Pupil Premium

The Pupil Premium is additional funding for publicly funded schools in England to raise the attainment of disadvantaged pupils and close the gap between them and their peers.

It is for schools to decide how the Pupil Premium, allocated to schools per FSM pupil, is spent, since they are best placed to assess what additional provision should be made for the individual pupils within their responsibility.” Source – DfE website

At Torah Temimah, we have high aspirations and ambitions for our children and we believe that no child should be left behind. We do not believe that any child’s background or disadvantaged personal circumstances should indicate or limit his potential to excel in life. We believe that every child, regardless of background and personal circumstances, should be given the opportunities to succeed. The targeted and strategic use of Pupil Premium Grant (PPG), along with allocations made from the school’s delegated budget, will help ensure that every child gets those opportunities.

The number of pupils attracting PPG in this school is very low. However, we are committed to ensuring that the very modest amounts of PPG funding that the school receives are used to support the attainment, progress and inclusion of those pupils, and to extend and enrich their curriculum and learning opportunities.

We recognise that when dealing with extremely small numbers of pupils, statistical group analysis of their attainment and progress in comparison with national or even school cohort averages is highly unreliable, statistically insignificant and therefore devoid of real meaning. We therefore target, and evaluate the impact of our use of PPG, in relation to individual pupils’ circumstances and personal objectives – e.g. attendance, breadth of curriculum opportunities (including e.g. music tuition), social inclusion, participation in whole-class or whole-school activities, extra-curricular activities such as clubs, off-site activities, emotional and social development and wellbeing, and of course academic attainment and progress.

Principles: Our Pupil Premium Strategy

1. We ensure that teaching and learning opportunities meet the needs of all pupils.

2. We ensure that appropriate provision is made for pupils who belong to vulnerable groups. This includes ensuring that the needs of socially disadvantaged pupils are adequately assessed and addressed.

3. Our objective in ensuring that Pupil Premium funding is used effectively, is to eliminate under-achievement and promote the attainment of excellence by all vulnerable pupils, with the priority being to do so for those individual pupils who attract the school’s Pupil Premium Grant.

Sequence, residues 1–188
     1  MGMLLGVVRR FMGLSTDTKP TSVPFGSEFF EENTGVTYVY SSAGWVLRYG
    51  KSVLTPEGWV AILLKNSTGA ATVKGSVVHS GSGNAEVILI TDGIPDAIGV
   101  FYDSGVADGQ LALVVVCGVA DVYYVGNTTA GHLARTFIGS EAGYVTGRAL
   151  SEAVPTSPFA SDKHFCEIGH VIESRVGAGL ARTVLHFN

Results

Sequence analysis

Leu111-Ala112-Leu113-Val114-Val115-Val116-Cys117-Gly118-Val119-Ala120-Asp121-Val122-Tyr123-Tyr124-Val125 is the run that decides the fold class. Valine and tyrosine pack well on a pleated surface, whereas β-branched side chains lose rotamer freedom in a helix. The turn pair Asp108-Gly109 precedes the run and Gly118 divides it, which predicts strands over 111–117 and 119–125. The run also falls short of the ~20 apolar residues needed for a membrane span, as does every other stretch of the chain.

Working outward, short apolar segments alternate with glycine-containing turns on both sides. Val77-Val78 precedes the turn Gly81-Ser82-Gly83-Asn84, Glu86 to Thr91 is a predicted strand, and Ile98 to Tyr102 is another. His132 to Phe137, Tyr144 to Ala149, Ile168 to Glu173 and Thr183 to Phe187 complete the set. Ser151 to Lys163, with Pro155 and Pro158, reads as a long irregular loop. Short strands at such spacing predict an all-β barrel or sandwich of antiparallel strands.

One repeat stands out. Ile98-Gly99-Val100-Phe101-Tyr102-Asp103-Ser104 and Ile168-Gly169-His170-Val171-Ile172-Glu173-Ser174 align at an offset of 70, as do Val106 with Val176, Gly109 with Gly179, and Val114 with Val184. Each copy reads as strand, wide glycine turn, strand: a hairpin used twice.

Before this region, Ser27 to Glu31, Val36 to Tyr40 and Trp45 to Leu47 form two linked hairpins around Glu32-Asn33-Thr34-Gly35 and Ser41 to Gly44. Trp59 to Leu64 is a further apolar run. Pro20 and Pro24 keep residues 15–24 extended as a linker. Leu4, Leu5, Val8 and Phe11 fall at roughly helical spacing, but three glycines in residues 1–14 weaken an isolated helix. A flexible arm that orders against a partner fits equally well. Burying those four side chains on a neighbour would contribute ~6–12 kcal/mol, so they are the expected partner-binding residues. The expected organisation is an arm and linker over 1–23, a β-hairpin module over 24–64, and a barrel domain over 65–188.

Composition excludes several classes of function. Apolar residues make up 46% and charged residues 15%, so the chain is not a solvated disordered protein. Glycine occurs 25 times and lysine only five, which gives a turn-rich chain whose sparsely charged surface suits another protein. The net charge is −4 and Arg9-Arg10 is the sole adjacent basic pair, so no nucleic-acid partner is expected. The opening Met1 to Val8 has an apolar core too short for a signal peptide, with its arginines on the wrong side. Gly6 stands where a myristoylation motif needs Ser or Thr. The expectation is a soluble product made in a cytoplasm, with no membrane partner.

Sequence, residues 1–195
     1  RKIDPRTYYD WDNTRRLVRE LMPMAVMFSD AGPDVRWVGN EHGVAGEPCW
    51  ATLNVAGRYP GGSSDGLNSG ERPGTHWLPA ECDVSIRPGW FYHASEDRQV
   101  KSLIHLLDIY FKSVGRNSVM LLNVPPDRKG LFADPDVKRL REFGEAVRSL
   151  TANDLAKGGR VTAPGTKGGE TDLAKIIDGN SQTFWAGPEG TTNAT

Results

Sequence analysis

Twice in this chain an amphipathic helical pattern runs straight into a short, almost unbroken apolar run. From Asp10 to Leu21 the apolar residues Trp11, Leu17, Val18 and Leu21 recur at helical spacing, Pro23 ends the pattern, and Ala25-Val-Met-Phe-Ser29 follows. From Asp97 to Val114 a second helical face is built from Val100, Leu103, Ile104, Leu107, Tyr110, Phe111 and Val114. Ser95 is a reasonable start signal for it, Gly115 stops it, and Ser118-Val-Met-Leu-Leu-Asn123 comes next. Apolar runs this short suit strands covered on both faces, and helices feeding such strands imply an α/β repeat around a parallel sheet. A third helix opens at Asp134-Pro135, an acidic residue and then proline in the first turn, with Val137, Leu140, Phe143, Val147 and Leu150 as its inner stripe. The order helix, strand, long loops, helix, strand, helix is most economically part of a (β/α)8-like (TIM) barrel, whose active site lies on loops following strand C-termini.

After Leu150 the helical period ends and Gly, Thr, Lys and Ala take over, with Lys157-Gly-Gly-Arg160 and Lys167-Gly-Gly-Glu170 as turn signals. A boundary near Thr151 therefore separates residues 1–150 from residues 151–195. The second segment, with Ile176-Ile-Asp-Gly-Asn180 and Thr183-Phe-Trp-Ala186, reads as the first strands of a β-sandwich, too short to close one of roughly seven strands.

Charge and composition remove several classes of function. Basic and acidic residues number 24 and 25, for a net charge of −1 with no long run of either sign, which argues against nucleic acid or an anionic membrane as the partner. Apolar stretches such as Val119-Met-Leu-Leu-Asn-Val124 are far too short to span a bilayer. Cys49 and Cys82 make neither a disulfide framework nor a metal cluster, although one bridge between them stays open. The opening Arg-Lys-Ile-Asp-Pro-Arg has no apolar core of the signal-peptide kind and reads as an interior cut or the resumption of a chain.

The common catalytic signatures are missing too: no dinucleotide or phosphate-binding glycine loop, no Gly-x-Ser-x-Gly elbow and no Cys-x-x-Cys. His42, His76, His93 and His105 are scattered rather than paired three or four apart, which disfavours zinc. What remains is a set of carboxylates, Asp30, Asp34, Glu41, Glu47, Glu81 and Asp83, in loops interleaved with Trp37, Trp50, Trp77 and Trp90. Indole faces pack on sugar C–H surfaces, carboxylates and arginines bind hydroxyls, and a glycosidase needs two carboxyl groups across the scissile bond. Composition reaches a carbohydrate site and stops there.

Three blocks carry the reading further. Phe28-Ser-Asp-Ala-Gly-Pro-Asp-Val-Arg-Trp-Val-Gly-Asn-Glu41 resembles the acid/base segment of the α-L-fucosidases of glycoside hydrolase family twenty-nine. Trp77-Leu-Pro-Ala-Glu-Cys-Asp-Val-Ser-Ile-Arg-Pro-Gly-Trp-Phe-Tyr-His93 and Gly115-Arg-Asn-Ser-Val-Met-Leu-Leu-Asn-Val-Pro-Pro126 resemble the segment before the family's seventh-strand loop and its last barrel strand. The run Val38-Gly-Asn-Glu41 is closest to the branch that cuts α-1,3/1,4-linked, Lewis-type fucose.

4. In making provision for vulnerable pupils, we recognise that not all pupils who receive free school meals or who are looked-after, and who therefore attract PPG, will in fact be socially disadvantaged or will be under-achieving academically compared to their individual potential. However, there may be activities and experiences that they are unable to access as a result of disadvantage, and as a result of which their ambitions and horizons may be more limited.

5. We also recognise that not all vulnerable pupils in this school who in fact are socially disadvantaged or who are under-achieving are registered or qualify for free school meals. There may therefore be vulnerable and socially disadvantaged pupils who do not attract PPG, but who nonetheless fall firmly within the principle-driven target group for PPG support. This is particularly true at our school, where specific factors (such as large family sizes and overcrowding) strongly indicate a significantly wider level of deprivation than is reflected in the small number of pupils qualifying for free school meals. School leaders’ close knowledge of the school community and individual families supports the idea that many families who might qualify for FSM nonetheless choose not to claim, for a range of valid reasons. We shall therefore seek wherever possible to use Pupil Premium funding in ways that will benefit not only the children who actually attract the funding, but also in addition other pupils or groups of pupils whom the school has identified as being at risk of under-achievement, social disadvantage or loss of opportunity.

Provision

The range of direct provision the Governors may consider making may include:

  • Providing small group work with an experienced teacher focussed on overcoming gaps in learning.
  • 1-1 support.
  • Additional teaching and learning opportunities provided through trained TAs or external agencies.
  • Retaining and providing 1:1 or small group access to specialist staff for social and emotional support.
  • Purchase of additional or specialist resources to support learning.
  • Enabling subsidised or zero-cost participation in extra-curricular activities, clubs and other learning or social opportunities for which charges or voluntary contributions are normally sought from parents and carers.